If ever you feel alone in the universe, perhaps you can take comfort in the knowledge that in fact, you are never without the company of the thousands of microbial species residing in your body’s every crevice. Collectively, they operate like an invisible organ, and they are essential to our health. As Carl Zimmer masterfully shows, the human microbiome is a metabolic engine whose power and complexity scientists are only beginning to appreciate. [How Microbes Defend and Define Us appeared in The New York Times on July 12, 2010.]
Here, Zimmer tells TON co-founder Siri Carpenter the story behind the story:
What made you decide to write the microbiome story?
This is kind of a strange story for me because it wasn’t as if one paper suddenly came out and I discovered something I didn’t know anything about before. I don’t know how young I was—I was a kid, I’m sure—when somebody told me that we have all these bacteria living inside of us, and we need them. I was fascinated by that. Then maybe 15 years ago, they really started to develop this way of identifying bacteria without culture. There would be people who would be off in Yellowstone, getting bacteria out of hot springs that no one thought could support life, and other people doing the same thing in the human body. I thought that was really interesting.
When I was writing my book Microcosm, which came out in 2008, I had an opportunity to write a bit about the microbiome and learn how far things had gotten. [Researchers] would just go and sample hundreds of people, or they would say, “Do people leave bacteria on their keyboards? And are they distinctive?” Or “What do identical twins look like?” Or “What happens when a woman gives birth by C-section?” The cost for that kind of research started to become so negligible that the real choke point was just creativity.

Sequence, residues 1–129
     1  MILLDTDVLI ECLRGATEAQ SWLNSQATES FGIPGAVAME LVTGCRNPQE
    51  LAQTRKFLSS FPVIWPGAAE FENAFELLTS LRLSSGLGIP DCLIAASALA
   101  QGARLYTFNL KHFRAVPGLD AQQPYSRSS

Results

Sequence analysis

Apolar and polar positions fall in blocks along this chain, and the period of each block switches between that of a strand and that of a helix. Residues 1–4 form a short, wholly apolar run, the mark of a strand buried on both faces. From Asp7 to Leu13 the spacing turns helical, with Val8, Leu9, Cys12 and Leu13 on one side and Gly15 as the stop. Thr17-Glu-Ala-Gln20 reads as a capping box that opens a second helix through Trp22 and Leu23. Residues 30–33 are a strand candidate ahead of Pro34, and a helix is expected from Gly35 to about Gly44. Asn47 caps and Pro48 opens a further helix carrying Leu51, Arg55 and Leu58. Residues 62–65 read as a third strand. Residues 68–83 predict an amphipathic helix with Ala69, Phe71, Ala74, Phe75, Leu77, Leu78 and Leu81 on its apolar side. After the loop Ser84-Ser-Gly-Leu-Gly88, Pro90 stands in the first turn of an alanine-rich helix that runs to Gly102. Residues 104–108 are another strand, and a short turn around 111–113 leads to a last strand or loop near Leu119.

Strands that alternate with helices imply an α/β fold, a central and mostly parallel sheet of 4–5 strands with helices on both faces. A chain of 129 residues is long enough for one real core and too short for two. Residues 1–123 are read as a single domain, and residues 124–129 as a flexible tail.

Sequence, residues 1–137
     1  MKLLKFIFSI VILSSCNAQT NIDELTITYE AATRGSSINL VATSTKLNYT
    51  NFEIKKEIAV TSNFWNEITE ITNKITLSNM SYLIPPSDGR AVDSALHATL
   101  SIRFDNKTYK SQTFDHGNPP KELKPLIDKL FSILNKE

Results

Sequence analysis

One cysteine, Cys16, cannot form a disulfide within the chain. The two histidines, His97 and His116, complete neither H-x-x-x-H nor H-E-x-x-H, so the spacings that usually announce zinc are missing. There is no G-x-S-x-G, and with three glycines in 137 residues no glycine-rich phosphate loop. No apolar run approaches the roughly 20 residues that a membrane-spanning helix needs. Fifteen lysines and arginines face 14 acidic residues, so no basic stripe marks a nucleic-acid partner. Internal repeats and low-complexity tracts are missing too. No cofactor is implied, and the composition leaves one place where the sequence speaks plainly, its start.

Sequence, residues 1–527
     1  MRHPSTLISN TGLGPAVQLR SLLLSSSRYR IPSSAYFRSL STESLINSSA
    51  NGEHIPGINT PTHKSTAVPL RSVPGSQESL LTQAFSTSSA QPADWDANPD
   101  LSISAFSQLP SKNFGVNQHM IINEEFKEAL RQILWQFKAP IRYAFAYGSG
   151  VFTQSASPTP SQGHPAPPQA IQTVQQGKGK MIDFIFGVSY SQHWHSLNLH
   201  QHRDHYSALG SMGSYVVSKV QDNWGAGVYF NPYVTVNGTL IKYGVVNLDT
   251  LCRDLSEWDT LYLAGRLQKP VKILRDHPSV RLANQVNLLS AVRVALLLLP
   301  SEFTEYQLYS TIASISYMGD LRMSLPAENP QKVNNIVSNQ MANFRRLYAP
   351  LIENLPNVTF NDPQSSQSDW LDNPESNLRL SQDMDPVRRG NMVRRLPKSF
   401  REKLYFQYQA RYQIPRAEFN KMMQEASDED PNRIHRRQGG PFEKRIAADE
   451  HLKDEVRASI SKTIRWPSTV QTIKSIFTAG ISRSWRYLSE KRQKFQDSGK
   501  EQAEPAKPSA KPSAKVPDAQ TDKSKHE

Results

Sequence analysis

What made you decide to do the story when you did?
I wanted to write about it, but it’s not like there was this moment where the gong goes off, and you say, “Now you’re allowed to write about it.” A couple of years ago, NIH had put a lot of money into the microbiome. I generally don’t like to write about the giving of a lot of money to projects—I feel like the real news would be if you find anything interesting with that money. So I try to hold off. But then a paper came out in Science, where they did an analysis on 178 reference genomes they had sequenced from the human body. That was the hook for me. So I called up Jim Gorman, my editor at The Times, and said I wanted to do the microbiome now, and he said, “Do it.”
How did you go about the reporting for this piece?
I spoke to ten or so people for the story, either on the phone or by email. I also heard some lectures on new data, and I even spent a couple hours late at night at a bar in San Diego shouting over drinks with two microbiologists. I didn’t quote them from that “interview.”
How did you find the patient for the lede?
That was very fortunate. When Jim and I agreed I would do the story, I was already planning on going to the American Society for Microbiology meeting in San Diego. There were a ton of microbiome talks; it was like they had heard that I was working on it, and they had lined up all their best stuff—and I just thought, “Thank you.” There was a microbial ecologist named Janet Jansson, from Lawrence Berkeley Lab who was talking about the methods you use and some of the results that you get when you’re fishing for microbes in different ecosystems, and then she starts describing this “fecal transplant” treatment with this patient who had this terrible C. difficile infection. She flashes a couple of slides, says the patient was cured; then she just moved on. For her, it was just another data point. But I was just stunned. I just thought, “You’re kidding. This really happened? And it worked?”
Then I saw at the bottom of the slide that this was in press, I think, at the Journal of Clinical Gastroenterology. When you’re looking for newsiness, you can’t ask for something better than that. I knew I wanted it in the article, or at least I wanted to pursue it. I called one of the authors and told her that I wanted to know about this case, and she told me I should talk to Dr. Khoruts, the gastroenterologist. Fortunately, he was very willing to describe the case. When he got to the point where he basically said, “You know, I’d just run out of options. This woman was going to die. I had to try something,” and then he tried this and saved her life, I said, “Okay. Not only is this going to be in the article—that’s the lede.”